The Space Between: Literature and Culture 1914-1945

Constructed Identity and Commodity Culture in My Lucky Star

Ann Victoria Dolinko
North Central College

B. A. Thurber
Independent Scholar


The 1938 film My Lucky Star, starring Sonja Henie as Kristina Nielson, provides an example of how a woman’s subjectivity is constructed through commodity culture to create the Modern Girl. A college student, working woman, and expert figure skater who is in the process of assimilating to a new country, Kristina exists in the liminal space between personal agency and consumer capitalism. A close reading of three key scenes in the film demonstrates how the character of Kristina, as a Modern Girl and a figure skater, renegotiates the performance of her subjectivity within this space. The film avoids vilifying commodity culture but raises the question of whether a Modern Girl can be simultaneously dignified and empowered within its confines.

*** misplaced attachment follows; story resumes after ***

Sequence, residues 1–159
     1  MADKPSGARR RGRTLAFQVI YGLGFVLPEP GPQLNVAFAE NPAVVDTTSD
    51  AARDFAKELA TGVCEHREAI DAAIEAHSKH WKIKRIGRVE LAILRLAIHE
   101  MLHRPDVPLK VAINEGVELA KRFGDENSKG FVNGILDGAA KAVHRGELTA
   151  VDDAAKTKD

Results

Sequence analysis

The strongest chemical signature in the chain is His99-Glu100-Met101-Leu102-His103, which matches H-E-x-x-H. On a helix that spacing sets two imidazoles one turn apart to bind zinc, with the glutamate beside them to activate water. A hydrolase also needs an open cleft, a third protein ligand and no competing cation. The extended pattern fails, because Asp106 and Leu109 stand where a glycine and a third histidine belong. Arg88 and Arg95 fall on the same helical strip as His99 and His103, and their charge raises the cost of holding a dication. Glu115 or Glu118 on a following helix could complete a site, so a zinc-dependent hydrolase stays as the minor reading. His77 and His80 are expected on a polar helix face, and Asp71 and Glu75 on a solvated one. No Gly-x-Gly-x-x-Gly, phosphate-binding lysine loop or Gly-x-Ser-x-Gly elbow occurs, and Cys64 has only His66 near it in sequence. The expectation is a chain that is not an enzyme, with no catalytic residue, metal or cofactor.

Keywords commodity culture / figure skating / performative subjectivity / immigration / Sonja Henie